While his brother, Elon, dreams up moonshot projects like colonising Mars and building a tunnel for autonomous vehicles, Kimbal Musk's thoughts are rooted in a much more immediate crisis: the global food shortage.
Though he's on the board of both Tesla and SpaceX, he'd prefer to talk about Square Roots, the urban farming startup that he co-founded with friend and entrepreneur Tobias Peggs.
Since 2016, Square Roots has been delivering fresh herbs to retail stores across New York City. Its produce will soon be available across North America through a partnership with Gordon Food Service, a major food distributor that works with 175 retail locations in the US. The company plans to build Square Roots' indoor farms near its distribution centers and retail stores before selling the year-round produce to customers.
One of the advantages of indoor farms is that they can control climate conditions to reduce the risk of contamination in the water or air.
Square Roots is taking this a step further by offering customers some peace of mind about how, when, and where their food is being grown - adding in the kind of transparency that could one day prevent incidences like November's romaine E. coli outbreak, which resulted in more than 50 reported illnesses across 19 states.
By scanning a QR code on the back of an herb, customers can learn the name of the Square Roots farmer who grew it, and exactly when the growing process started.
The new scanning system makes Square Roots an industry standout, even among the numerous vertical farms popping up across the nation.
Earlier this year, Business Insider took a tour of the Brooklyn-based indoor farming compound. Take a look.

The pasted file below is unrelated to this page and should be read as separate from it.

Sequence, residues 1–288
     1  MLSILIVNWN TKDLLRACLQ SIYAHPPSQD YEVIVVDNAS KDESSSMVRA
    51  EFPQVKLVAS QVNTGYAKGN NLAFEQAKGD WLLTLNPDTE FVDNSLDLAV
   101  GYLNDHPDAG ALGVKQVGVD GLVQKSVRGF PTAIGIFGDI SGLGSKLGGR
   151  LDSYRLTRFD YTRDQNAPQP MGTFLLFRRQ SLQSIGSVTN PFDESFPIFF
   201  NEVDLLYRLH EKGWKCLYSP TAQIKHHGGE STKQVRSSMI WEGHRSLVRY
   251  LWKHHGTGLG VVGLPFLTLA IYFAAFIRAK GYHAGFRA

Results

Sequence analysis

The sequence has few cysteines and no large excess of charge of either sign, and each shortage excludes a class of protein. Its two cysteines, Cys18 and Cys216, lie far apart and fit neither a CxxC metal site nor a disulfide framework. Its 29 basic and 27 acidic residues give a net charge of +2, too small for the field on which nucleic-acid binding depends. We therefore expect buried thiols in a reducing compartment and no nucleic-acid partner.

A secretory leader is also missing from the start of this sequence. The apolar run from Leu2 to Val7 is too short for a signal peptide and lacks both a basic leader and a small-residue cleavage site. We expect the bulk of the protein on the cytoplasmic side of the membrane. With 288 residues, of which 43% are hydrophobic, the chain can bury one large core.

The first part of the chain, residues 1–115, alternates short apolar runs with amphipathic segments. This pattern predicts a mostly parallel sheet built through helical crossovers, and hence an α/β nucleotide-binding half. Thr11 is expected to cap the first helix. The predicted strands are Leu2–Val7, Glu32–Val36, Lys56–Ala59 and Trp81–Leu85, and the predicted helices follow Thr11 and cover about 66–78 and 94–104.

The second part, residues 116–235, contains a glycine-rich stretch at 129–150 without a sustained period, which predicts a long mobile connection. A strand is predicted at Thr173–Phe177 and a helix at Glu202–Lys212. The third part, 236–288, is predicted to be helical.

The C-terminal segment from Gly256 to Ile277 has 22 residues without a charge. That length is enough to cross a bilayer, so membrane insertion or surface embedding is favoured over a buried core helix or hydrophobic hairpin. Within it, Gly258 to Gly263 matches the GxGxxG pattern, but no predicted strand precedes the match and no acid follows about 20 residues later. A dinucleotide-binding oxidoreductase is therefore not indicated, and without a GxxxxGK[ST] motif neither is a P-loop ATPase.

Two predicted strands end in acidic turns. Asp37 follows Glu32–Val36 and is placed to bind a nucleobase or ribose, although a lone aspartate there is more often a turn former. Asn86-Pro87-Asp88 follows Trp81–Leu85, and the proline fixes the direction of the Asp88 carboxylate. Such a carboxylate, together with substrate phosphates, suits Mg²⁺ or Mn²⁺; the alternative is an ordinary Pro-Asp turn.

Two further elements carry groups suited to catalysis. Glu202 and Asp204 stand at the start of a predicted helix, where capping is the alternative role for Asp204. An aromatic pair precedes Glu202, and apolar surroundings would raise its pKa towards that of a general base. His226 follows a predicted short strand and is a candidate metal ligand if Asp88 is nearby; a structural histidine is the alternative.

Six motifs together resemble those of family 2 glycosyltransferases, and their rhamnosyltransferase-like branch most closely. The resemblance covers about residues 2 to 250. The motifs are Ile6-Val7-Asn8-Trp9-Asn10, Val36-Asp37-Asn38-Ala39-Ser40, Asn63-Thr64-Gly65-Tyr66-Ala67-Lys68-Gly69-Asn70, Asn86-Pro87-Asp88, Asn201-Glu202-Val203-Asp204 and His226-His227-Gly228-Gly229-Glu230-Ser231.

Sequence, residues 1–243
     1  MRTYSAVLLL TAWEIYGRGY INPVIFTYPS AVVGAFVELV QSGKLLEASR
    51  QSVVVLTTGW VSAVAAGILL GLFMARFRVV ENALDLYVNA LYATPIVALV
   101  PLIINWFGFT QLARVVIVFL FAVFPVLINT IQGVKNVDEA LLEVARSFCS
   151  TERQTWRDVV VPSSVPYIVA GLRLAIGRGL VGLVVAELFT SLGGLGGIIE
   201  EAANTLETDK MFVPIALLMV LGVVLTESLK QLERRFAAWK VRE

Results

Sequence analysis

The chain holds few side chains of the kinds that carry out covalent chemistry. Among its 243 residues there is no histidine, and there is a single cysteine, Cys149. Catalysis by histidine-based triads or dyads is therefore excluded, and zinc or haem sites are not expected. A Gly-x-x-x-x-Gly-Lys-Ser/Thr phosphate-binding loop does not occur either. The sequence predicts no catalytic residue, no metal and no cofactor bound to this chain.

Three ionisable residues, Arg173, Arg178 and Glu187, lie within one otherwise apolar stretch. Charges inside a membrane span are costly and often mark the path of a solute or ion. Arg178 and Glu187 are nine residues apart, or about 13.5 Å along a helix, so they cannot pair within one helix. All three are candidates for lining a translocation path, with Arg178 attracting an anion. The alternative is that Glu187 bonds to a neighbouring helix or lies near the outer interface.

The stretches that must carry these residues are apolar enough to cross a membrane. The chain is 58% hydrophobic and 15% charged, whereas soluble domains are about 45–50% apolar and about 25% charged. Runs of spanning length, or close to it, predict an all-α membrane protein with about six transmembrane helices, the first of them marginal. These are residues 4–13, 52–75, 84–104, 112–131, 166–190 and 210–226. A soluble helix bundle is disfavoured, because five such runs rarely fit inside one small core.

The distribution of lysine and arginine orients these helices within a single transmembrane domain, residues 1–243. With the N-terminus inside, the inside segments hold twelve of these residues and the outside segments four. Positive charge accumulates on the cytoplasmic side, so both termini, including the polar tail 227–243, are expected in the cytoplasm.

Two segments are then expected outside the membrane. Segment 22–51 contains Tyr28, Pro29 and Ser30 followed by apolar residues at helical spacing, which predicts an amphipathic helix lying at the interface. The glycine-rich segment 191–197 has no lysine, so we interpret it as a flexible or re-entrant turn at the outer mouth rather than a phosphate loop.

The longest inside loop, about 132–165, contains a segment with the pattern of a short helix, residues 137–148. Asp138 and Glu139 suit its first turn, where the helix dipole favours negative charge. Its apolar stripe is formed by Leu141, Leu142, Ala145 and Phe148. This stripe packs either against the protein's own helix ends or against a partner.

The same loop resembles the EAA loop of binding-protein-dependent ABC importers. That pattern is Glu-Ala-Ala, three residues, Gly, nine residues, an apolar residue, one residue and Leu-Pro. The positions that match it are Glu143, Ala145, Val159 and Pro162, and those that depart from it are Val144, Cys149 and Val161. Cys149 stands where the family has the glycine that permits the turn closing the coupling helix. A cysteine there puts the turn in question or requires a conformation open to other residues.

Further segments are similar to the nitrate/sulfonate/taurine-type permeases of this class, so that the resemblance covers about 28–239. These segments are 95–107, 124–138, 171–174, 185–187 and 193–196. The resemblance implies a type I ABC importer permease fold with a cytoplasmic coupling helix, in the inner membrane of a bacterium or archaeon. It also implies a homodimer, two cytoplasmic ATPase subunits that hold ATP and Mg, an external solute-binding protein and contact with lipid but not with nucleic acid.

In an interview with Business Insider, Musk said he expects a growing number of young Americans to join him in the local farming movement.
Each shipping container has its own programmable climate, which is controlled by Square Roots farmers.
"You press a few buttons and it's magic," he said. The company's software allows farmers to monitor the growth process, adjust temperature conditions, and conserve resources in real time.
If you tasted the basil in Northern Italy in 2006, the company can research and replicate the temperature conditions to give you a similar product.
The typical storage time for lettuce is around one to four weeks, but certain produce can be stored for up to a year.
In those instances, Peggs said, consumers think they're making a healthy choice, when "you're actually just eating a waxy ball of sugar."
"When people try real food, they don't go back to industrial food," Musk said. "It just doesn't taste good."
It was only after the latest E. coli outbreak that the Food and Drug Administration finally asked producers to label romaine with a harvest date and region of origin.
The timeline offers links to learn more about the farmers and their growing techniques.
"At the heart of everything we do are the farmers," Peggs said. "You have to love the arugula to make it grow better."
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